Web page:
How Automation Keeps the Mutual Fund Industry Moving

Streamlined electronic processing got the mutual fund out of the 1980s. The next task for such mutual fund technology: the fiduciary rule.


Few financial products have seen the growth and success that mutual funds have experienced over the past three decades.

According to data from DTCC Fund/SERV, U.S. mutual funds have approximately $16 trillion in assets under management. Thirty years ago, when funds were processed manually in the U.S., that market was much smaller. In an industry then holding some $716 billion in assets under management, Fund/SERV processed a scant 15 transactions a day.

Today Fund/SERV processes a daily average of 900,000 mutual fund orders on behalf of more than 950 funds and 350 firms.

Back in the day, the lead-up to April 15 was especially dreaded by those working in the U.S. mutual funds marketplace. The voluminous and error-prone paperwork required for account registrations and transactions exploded near the tax-year deadline for individuals’ IRA contributions. Industry veterans still recall the mountains of paper and working through the night.

Nonetheless, slow-moving, onerous processing was a year-round reality. The daily routine relied on deposit slips, calculator tapes and spreadsheets — and bags, for the bicycle messengers dispatched throughout lower Manhattan and across the country to deliver checks to banks.

This approach was simply not tenable for fund companies and brokers. Error risks and costs per trade were high. Scalability was absent. If the only path to growth was expanding your workforce — a very expensive option — the market’s potential was going to remain limited.

Then came computers. When mutual fund trading — including order confirmation, settlement, fund account registration and other critical back-office processes — became automated, fund companies and distributors acquired the tools that were needed to streamline operations and that paved the way for the fund sector’s tremendous advancement.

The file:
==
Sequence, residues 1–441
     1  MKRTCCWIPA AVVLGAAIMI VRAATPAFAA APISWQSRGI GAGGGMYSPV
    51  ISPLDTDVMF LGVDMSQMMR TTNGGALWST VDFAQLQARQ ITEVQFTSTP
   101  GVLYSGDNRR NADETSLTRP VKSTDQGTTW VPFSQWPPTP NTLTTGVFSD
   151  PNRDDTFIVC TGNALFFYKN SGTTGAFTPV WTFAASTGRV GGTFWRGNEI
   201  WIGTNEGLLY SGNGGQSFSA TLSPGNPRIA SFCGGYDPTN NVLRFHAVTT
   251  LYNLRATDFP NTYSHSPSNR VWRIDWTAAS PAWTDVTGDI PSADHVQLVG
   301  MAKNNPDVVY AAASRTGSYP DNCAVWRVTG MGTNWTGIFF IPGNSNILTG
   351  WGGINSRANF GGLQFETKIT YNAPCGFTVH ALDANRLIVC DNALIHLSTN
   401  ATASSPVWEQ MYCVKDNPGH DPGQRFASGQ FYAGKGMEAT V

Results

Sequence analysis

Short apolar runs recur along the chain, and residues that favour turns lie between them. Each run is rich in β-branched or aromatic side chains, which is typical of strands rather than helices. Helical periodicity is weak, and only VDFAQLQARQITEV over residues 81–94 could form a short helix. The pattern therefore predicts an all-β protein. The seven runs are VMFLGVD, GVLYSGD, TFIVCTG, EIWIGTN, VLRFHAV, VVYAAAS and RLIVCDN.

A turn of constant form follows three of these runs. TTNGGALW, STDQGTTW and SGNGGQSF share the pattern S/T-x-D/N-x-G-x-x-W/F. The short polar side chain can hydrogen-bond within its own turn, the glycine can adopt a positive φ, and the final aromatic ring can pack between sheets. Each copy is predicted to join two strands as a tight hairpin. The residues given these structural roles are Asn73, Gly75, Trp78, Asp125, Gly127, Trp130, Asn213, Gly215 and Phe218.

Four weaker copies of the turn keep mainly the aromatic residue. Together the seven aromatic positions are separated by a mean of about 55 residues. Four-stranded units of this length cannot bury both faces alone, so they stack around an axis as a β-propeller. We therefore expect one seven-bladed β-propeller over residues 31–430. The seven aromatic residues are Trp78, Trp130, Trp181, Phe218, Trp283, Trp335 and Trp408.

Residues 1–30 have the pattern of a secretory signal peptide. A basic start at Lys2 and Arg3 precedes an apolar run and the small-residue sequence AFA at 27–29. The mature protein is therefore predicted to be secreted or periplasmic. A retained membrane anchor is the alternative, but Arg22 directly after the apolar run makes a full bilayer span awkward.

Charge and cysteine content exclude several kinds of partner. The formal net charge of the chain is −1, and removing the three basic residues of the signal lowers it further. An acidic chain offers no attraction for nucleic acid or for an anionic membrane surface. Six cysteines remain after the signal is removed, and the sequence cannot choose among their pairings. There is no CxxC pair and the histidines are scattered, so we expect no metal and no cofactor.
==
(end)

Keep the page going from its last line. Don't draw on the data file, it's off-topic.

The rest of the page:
The cost per trade tumbled from 50 cents in the early years to 35 cents in 1997 to 6 cents today. According to the Investment Company Institute (the national association of U.S. companies of mutual funds, ETFs, unit investment trusts and closed-end funds), in 2014 an estimated 53.2 million households in the U.S. — or 43.3 percent of all U.S. homes — owned mutual funds, up from 4.6 million and 5.7 percent, respectively, in 1980.

Although automation solved the paperwork crisis, new challenges for those operating in the mutual fund industry have emerged in recent years. Regulatory requirements like those from the Securities and Exchange Commission’s money market mutual fund reform and the U.S. Department of Labor continue to require increased transparency and improved consumer protections.

Money market mutual fund reform, which goes into effect this October, should provide investors with additional protection during rare periods of market stress, when redemptions in some money market mutual funds may increase significantly. Whereas many market participants are well prepared for this mandate, compliance costs continue to rise as a result of these rules and others. As a result, reducing internal operational costs, through the use of automation, continues to be important.

The DoL regulation, known as the fiduciary rule and which will begin to take effect in April 2017, elevates the role of those providing investment advice for compensation to the level of a fiduciary, creating new requirements and standards for advisers and broker-dealers serving IRA and 401(k) clients. Although the DoL has committed to providing further details on the regulation this summer, questions remain about how the rules will work in practice. For example, in order for an adviser to collect commissions on a check that is sent to the fund with a corresponding deposit slip, the adviser’s firm will need to determine whether the deposit was unsolicited or as a result of solicited adviser guidance. Whereas this makes sense in theory, funds and firms will nonetheless be challenged to make the determination. Also, firms and counterparties will need to show more transparency, so that fees are paid to the correct advising counterparty.

Ultimately, the new regulations should further protect mutual fund end investors. These represent a positive step forward in servicing clients. Yet it will be critical for the industry to continue to partner with local regulators as new mandates come to bear. Firms initially turned to automation to solve the paper crisis. It’s high time that market participants ensure they are leveraging technology to its full potential to satisfy evolving regulator, investor and counterparty needs.

Josephine Torelli is executive director and vice president of wealth management at the Depository Trust & Clearing Corp. in New York.

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